Supporting Oral Health

With strong research connecting dental disease with diabetes, heart and lung diseases, stroke, and low-birth weight, we know that oral health is a critical part of a person’s overall health. We also know that with adequate preventive care and education, dental disease is 100 percent preventable. But many people in the Carolinas, including those with Medicaid coverage, struggle to access dental care.

The Duke Endowment’s oral health initiative seeks to support system reform and policy change; to promote prevention by expanding school-based oral health services; and to support oral health integration.


Across the United States, lack of access to oral health care disproportionately affects the low-income and uninsured, those living in rural areas, the elderly, the disabled and children. Public health and safety-net providers offer limited relief, but they struggle to deliver enough care to manage the overwhelming needs in many communities.

Local hospital emergency departments have increasingly become a place for emergent dental care for vulnerable populations. In 2012, for example, South Carolina emergency departments reported more than 15,000 visits for dental reasons, resulting in nearly $11 million in charges. A recent North Carolina report ranked acute dental needs as the 10th most common reason for emergency department visits.

Exacerbating this problem is the fact that few emergency departments can provide preventive or restorative care. Treatment generally consists of prescribing an antibiotic to fight infection, and/or prescribing pain medication.

A primary barrier to care is a limited workforce infrastructure and a poor distribution of dentists. Nationally, over 49 million people live in Federally Designated Dental Shortage Areas; in South Carolina, 44 of 46 counties are classified as shortage areas. Amplifying access disparities is the fact that many dentists do not accept Medicaid, and those who do often accept a limited number of Medicaid patients.


Through a three-pronged strategy, the Endowment is working to improve oral health in the Carolinas.

System Reform and Policy Change

System reform and policy change are essential to the overall strategy of improving oral health. The Endowment has two primary investments that are contributing to reform efforts.

  • The Carolinas Oral Health Research and Policy Consortium includes leaders from the Medical University of South Carolina, UNC Chapel Hill, East Carolina University, UNC Charlotte, and the Rural Health Research Centers from both states. The goal of this consortium is to promote research and advance evidence-based policies for improving oral health care delivery. 

Thirty interviews with high-level policymakers and influencers such as Medicaid officials, public health leaders and third-party payers were completed in 2017. The three most common needs identified were to better understand oral health workforce models, integrated care models, and the impact of an adult Medicaid dental benefit program.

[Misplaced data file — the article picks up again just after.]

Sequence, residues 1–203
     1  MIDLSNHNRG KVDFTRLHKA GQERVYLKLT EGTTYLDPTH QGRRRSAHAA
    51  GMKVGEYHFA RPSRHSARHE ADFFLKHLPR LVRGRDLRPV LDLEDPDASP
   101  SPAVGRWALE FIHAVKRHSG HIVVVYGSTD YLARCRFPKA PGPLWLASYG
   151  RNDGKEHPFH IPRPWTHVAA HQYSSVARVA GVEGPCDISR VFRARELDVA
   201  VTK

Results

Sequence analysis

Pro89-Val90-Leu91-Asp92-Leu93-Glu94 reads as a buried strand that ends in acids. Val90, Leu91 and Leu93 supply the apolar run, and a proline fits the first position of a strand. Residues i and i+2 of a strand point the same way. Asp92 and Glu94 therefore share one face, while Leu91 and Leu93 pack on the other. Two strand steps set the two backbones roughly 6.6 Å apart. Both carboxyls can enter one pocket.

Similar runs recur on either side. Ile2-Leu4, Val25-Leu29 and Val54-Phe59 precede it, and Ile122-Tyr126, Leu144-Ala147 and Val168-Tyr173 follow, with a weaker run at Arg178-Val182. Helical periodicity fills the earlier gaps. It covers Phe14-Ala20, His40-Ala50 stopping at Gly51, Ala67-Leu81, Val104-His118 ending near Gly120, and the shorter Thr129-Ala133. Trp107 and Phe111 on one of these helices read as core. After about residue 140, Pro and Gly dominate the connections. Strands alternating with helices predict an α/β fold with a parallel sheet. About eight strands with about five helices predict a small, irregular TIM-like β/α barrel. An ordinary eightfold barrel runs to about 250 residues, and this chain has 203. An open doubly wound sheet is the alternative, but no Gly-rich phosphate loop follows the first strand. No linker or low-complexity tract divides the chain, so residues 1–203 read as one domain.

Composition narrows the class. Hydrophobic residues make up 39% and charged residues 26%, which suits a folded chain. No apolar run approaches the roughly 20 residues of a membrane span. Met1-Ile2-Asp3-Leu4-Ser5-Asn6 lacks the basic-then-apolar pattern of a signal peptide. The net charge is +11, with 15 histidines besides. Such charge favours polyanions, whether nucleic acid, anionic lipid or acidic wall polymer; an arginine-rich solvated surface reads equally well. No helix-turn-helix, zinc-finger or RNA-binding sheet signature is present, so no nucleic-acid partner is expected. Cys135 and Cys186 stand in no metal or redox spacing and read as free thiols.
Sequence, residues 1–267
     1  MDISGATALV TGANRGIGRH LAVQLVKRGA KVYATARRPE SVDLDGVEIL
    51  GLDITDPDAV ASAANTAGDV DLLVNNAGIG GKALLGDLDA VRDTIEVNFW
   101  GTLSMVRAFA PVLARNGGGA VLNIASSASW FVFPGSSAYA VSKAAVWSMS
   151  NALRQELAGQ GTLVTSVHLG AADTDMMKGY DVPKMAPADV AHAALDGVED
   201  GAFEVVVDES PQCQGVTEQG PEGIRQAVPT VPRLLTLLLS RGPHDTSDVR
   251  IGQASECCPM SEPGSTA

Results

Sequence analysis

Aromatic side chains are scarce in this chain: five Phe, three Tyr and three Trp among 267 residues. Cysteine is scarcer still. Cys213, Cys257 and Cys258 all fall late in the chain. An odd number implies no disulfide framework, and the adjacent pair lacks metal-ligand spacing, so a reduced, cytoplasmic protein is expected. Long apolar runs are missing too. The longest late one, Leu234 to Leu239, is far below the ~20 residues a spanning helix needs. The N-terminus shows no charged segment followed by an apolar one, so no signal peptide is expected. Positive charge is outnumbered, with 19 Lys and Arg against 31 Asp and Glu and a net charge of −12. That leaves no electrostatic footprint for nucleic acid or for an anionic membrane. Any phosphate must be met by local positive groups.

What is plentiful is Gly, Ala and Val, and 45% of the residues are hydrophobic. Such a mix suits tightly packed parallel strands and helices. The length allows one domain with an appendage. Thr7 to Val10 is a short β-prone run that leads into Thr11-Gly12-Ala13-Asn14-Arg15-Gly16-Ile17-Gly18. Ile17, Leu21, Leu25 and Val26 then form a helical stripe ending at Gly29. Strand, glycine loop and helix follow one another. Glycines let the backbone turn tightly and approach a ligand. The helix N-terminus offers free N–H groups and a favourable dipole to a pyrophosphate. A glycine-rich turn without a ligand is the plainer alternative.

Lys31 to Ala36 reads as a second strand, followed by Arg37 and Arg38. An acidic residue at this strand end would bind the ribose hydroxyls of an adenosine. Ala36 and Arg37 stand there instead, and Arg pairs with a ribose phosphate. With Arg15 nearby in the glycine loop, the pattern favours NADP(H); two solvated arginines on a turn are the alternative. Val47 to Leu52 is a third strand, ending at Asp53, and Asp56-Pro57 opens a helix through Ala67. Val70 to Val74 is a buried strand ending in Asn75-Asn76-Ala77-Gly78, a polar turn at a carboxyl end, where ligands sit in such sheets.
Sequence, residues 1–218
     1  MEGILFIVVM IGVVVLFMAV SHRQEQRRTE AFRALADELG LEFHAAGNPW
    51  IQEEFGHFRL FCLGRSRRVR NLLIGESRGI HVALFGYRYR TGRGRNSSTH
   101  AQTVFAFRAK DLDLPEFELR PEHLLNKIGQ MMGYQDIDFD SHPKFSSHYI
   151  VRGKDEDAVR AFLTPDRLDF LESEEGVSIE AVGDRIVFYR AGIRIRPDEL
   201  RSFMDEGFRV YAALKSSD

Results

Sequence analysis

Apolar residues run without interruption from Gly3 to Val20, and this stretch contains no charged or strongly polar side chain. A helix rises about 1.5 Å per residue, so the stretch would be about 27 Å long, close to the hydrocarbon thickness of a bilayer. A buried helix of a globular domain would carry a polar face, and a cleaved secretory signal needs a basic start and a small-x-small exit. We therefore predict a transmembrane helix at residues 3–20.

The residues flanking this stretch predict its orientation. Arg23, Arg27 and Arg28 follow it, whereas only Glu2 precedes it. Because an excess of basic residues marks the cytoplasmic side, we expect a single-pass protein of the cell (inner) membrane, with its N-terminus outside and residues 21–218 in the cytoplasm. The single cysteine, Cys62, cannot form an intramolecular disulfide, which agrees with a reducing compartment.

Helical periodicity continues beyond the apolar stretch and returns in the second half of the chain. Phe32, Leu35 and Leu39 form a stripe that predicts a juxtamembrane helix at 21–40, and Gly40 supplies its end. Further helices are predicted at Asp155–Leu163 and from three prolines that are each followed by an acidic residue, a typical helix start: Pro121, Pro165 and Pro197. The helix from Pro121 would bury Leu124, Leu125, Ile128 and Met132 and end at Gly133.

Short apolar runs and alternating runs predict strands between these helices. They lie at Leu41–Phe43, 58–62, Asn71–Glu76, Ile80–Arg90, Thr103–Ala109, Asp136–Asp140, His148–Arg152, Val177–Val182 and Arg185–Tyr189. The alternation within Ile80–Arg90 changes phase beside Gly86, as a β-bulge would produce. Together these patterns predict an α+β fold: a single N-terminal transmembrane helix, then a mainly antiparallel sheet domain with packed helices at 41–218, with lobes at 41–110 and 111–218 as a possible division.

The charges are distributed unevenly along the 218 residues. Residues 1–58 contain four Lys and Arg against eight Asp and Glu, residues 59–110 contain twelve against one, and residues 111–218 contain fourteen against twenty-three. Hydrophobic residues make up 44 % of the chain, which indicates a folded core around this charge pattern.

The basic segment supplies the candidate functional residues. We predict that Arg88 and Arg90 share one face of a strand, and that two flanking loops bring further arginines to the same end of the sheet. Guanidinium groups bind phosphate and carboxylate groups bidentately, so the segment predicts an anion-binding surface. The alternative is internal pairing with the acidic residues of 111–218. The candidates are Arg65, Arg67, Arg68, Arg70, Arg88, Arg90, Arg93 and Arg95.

After prioritizing topics and identifying potential research grants, the consortium expects to submit its policy research agenda for publication.   

  • The North Carolina Oral Health Collaborative convenes diverse stakeholders to identify and resolve systemic barriers to good oral health. Strategies to accomplish these goals include promoting public awareness and supporting advocacy and coalition building.

Promoting Prevention

School-based oral health programs have demonstrated effectiveness, yet widespread replication has not been achieved.

The Endowment has funded a case study of eight school-based oral health programs to evaluate their comparative effectiveness in improving dental outcomes in school children. The evaluation has focused on assessing capacity building, collaborative referral management practices, and financial performance.

Insights from the programs are being used to develop standards for expanding school-based oral health services.

Oral Health Integration

The Endowment has been working with partners to promote medical-dental integration models. One example of this work is a South Carolina pilot that will demonstrate the effectiveness of providing advanced dental therapies within a health care system to improve clinical outcomes for people living with diabetes.    


Area of Work

  • Prevention

Program Area

  • Health Care

Grantmaking Status

Areas of Work

  • Prevention and early intervention for at-risk children

    To equip children and families with skills to ensure that children reach developmental milestones to lead successful lives.

  • Out-of-home care for youth

    To drive child welfare systems toward greater accountability for child well-being.

  • Quality and safety of health care

    Improving the quality and safety of health care delivery

  • Access to health care

    Improving health by increasing access to comprehensive care

  • Prevention

    Expanding programs to promote health and prevent disease

  • Academic excellence

    Enhancing academic excellence through program and campus development

  • Educational access and success

    Increasing educational access and supporting a learning environment that promotes achievement

  • Campus and community engagement

    Promoting a culture of service, collaboration and engagement among schools and communities

  • Rural church development

    Building the infrastructure and capacity of United Methodist churches to enhance ministry and mission

  • Clergy leadership

    Strengthening United Methodist churches by improving the quality and effectiveness of church leadership

  • Congregational outreach

    Engaging United Methodist congregations in programs that serve their communities